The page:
An abandonment clause is a statement in a residential lease agreement that highlights the appropriate legal actions in the event that a tenant abandons their property before the end of their lease term.
Sample Abandonment Clause
Below is an example of an abandonment clause that could be incorporated into a residential lease agreement:
If the Tenant(s) has vacated or abandoned the Premises for a minimum of ____ days, the Landlord may, after providing ____ days’ notice to the tenant, secure the Premises with new locks, store, sell, or dispose of any personal property left on the Premises by the Tenant(s) or Tenant(s)’s Guests, and re-assign the Premises to new Tenants for use. Any such abandoned personal property shall be stored and disposed of by the Landlord as provided by law. The Landlord, with reasonable discretion in accordance with applicable law, will determine when the Premises are abandoned, which may take into consideration any one of the following: the removal of personal property from the space other than in the usual course of continuing use, the failure to pay rent or other fees, discontinuance of utilities, and failure to respond to any notices, phone calls, or correspondence from the Landlord or their representatives.
Why Include an Abandonment Clause in a Residential Lease Agreement?
Landlords often include this clause for legal and financial protection in case a tenant decides to leave their property and stop paying rent before the lease ends. Tenant abandonments create significant financial strain for the landlord, and a clearly written abandonment clause will help minimize these scenarios.
How to Tell if a Tenant Has Abandoned Their Rental Property
Before proceeding with legal action, landlords should confirm that the tenant has abandoned their property. Some common signs of tenant abandonment are as follows:
- Missed rent payments
- Furniture or other belongings have been moved out
- Accumulation of mail
- Their utilities have been shut off
- The tenant is not responding to messages or phone calls
What to Do if a Tenant Abandons Their Property
If a landlord suspects that a tenant has abandoned the property, there are a few steps they should take before pursuing legal action:
- Check state and local laws – Tenant abandonment laws vary by state, and landlords should be aware of the legal requirements in their area before moving forward.
- Call emergency contacts – Contacting the tenant’s emergency contacts may provide clarity on the tenant’s whereabouts.
- Talk to neighbors – Ask other tenants or close neighbors if they have seen the tenant or noticed them moving out.
- Check utilities – Check if the tenant’s utilities have been shut off.
If tenant abandonment has been confirmed, the landlord should proceed with the following actions:
- Deliver a notice to the tenant – A notice of abandoned property should be sent to the tenant (through certified mail) to any of the tenant’s known addresses. This will protect the landlord from an unlawful eviction.
- Take inventory of the tenant’s belongings – Make a list and take photos of all of the tenant’s belongings that are currently in the rental unit.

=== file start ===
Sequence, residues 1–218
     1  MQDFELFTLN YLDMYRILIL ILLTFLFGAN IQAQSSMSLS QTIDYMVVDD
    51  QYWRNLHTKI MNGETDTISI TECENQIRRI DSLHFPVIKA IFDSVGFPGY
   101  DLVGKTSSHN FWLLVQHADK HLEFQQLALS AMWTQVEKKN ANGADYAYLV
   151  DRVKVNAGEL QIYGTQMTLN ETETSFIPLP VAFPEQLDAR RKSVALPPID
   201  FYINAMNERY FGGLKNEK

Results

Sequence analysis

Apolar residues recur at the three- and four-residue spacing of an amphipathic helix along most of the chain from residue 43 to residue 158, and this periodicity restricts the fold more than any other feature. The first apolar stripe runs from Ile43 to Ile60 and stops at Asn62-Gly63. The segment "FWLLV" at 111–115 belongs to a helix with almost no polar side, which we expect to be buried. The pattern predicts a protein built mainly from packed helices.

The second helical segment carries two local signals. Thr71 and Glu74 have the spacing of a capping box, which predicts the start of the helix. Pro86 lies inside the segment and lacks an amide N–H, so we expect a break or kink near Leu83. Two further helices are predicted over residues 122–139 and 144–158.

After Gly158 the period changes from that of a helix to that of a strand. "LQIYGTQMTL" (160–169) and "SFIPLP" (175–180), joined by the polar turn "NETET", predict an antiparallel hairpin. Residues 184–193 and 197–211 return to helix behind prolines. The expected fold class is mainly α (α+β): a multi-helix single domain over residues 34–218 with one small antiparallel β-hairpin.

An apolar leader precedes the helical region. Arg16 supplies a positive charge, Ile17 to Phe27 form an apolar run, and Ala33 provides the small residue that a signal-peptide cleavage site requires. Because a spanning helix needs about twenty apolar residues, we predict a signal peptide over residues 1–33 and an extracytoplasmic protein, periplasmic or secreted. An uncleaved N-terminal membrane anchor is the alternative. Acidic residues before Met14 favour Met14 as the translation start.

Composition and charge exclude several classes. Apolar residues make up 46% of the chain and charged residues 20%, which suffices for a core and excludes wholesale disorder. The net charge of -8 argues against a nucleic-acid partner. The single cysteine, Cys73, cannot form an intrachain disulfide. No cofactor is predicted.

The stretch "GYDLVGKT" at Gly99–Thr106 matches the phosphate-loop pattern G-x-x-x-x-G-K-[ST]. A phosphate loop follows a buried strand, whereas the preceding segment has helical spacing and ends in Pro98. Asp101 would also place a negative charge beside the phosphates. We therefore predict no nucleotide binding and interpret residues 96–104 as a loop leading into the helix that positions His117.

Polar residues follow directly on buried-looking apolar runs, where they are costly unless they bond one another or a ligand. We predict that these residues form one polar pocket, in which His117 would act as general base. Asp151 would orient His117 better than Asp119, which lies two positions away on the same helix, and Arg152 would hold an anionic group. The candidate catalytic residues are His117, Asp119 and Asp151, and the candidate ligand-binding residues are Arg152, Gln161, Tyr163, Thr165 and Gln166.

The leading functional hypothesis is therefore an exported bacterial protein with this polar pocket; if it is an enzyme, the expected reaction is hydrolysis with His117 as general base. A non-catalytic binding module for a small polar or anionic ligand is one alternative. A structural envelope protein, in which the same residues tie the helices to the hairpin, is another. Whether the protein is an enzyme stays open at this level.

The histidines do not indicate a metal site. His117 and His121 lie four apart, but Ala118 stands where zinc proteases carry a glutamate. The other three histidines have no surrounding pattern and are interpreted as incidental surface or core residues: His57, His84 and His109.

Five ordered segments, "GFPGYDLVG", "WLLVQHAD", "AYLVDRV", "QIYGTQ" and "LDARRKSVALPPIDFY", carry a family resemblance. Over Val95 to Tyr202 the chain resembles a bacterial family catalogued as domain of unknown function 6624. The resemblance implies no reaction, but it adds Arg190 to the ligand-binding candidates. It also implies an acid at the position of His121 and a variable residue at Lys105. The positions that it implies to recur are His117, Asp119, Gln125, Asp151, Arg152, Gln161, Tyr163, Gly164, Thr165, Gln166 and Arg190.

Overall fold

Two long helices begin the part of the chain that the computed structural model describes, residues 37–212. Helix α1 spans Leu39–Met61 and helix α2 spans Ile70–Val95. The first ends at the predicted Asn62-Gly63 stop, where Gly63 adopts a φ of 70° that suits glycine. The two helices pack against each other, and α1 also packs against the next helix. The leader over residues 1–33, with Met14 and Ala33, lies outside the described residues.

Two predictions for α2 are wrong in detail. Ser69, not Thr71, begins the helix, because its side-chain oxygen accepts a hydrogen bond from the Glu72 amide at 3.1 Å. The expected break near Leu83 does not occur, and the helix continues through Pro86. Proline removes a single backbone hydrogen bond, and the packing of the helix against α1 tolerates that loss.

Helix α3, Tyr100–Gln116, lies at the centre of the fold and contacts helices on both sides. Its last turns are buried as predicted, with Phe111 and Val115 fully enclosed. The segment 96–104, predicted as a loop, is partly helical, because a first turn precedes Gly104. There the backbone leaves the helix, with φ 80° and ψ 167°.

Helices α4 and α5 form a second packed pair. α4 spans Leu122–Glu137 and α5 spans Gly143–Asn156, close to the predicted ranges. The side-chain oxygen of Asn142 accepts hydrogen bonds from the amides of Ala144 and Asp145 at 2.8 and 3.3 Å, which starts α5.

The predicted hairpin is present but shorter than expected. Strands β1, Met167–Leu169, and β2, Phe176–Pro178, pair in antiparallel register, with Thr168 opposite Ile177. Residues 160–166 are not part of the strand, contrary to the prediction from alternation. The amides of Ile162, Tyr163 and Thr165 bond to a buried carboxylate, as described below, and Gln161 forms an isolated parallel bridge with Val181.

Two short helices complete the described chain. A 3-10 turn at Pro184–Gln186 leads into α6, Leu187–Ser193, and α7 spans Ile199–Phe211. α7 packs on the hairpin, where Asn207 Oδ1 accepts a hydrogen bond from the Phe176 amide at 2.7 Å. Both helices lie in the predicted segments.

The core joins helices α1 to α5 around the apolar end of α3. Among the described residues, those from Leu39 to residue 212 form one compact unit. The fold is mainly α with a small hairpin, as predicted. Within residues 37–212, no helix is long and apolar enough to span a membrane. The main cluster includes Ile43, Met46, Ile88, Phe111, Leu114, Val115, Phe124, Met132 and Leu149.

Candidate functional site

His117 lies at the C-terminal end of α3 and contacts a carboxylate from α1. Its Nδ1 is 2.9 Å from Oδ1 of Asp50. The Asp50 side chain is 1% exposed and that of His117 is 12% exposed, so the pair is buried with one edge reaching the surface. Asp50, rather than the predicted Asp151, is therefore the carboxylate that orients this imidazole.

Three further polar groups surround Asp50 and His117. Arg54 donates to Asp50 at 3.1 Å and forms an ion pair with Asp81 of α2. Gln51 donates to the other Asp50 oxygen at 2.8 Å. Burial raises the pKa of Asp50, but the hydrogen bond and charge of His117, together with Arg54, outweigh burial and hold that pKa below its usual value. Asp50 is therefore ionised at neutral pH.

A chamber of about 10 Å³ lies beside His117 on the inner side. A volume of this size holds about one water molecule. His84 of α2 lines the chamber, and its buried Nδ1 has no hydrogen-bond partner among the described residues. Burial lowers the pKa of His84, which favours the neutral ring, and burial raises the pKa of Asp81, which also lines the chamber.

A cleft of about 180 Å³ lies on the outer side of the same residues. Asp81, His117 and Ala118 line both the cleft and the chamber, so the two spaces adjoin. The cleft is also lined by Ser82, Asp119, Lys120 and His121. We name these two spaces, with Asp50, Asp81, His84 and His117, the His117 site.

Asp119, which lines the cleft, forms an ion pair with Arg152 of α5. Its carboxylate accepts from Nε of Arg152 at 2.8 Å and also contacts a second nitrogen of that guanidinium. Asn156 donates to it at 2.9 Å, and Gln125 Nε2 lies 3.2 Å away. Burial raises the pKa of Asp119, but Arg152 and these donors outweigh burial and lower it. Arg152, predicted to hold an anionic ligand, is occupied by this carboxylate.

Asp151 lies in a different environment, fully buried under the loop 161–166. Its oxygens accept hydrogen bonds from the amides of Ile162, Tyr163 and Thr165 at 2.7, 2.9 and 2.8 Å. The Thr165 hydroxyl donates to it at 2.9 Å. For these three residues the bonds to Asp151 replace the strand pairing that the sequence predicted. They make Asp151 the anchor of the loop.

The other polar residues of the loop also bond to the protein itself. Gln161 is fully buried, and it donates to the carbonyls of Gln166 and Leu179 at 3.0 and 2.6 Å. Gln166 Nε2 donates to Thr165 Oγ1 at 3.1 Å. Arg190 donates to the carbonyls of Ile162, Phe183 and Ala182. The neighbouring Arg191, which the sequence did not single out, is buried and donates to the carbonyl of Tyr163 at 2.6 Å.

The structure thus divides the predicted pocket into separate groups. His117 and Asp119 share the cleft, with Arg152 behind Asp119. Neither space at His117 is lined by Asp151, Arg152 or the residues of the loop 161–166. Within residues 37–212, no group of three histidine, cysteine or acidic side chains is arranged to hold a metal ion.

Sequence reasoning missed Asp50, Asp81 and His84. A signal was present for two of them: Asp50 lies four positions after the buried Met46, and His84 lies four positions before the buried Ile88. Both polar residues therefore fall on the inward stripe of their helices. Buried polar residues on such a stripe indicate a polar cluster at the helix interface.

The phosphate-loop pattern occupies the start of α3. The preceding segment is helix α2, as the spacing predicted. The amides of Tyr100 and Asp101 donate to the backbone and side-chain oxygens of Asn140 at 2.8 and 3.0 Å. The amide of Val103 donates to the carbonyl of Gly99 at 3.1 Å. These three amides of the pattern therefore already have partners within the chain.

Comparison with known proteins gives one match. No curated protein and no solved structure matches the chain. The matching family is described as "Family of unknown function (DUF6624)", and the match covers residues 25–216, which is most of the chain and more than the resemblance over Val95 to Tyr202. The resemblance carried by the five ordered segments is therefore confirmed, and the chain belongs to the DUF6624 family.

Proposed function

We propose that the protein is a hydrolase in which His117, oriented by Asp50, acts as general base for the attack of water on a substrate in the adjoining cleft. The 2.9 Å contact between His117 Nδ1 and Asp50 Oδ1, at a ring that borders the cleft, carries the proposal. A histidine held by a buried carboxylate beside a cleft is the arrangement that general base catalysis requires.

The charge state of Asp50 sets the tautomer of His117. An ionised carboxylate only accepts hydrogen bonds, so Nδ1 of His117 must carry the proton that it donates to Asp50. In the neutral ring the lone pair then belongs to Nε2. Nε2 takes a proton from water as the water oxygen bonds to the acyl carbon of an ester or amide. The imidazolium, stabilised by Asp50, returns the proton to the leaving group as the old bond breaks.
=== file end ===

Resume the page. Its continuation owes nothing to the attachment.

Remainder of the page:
- Keep a record of phone conversations – Landlords should document any phone conversations concerning the tenant and record them if possible.
- Document rent payments – Landlords should keep a record of past rent payments, or rent ledgers, as well as any attempts to contact the tenant.
If the landlord still cannot get in contact with the tenant, they will need to set up a hearing with the local court—which will then determine if the lease can be terminated. Once the landlord is able to terminate the lease, they can move forward with changing locks, cleaning, and renting the property to new tenants.
How Long Before a Property Is Considered Abandoned?
The exact timeline is dependent on state and local laws, but it is typically between 15-30 days.
In Chicago, if a tenant is absent from the property for 32 days without paying rent or communicating with the landlord, the property will be considered abandoned. However, if a tenant is temporarily absent and is up to date on rent payments, it will not qualify as abandonment.
What to Do if a Tenant Leaves Behind Their Personal Belongings
In many states (such as Texas), tenants have a window of time to claim their belongings (e.g., 30 days). If the tenant does not claim their items in time, the landlord may store, sell, or dispose of their belongings. However, other states (such as New York) have stricter regulations, and landlords cannot sell or dispose of a tenant’s belongings unless the tenant has clearly expressed their intention of abandonment.
Can a Landlord Keep the Funds From Selling a Tenant’s Belongings?
Depending on the circumstances, the landlord may be able to sell the tenant’s items and put the money towards the tenant’s remaining financial obligations (such as unpaid rent). However, in most cases, any leftover funds must be returned to the tenant. If the tenant has left an abandoned vehicle on the property, it must be reported to the police.
What to Include in an Abandonment Clause
Landlords should include the following information in an abandonment clause:
- Number of days that constitute an abandonment
- A specified window of time for the tenant to respond to the landlord’s notice and claim their belongings
- What will happen to the tenants belongs if not claimed
- Landlord’s right to enter the property after providing notice
- Any additional terms or conditions depending on state and local law
As stated above, abandonment laws vary by jurisdiction. Some states have strict regulations, while others are dependent on the terms of the lease agreement. Landlords should thoroughly research state and local guidelines before creating their agreement.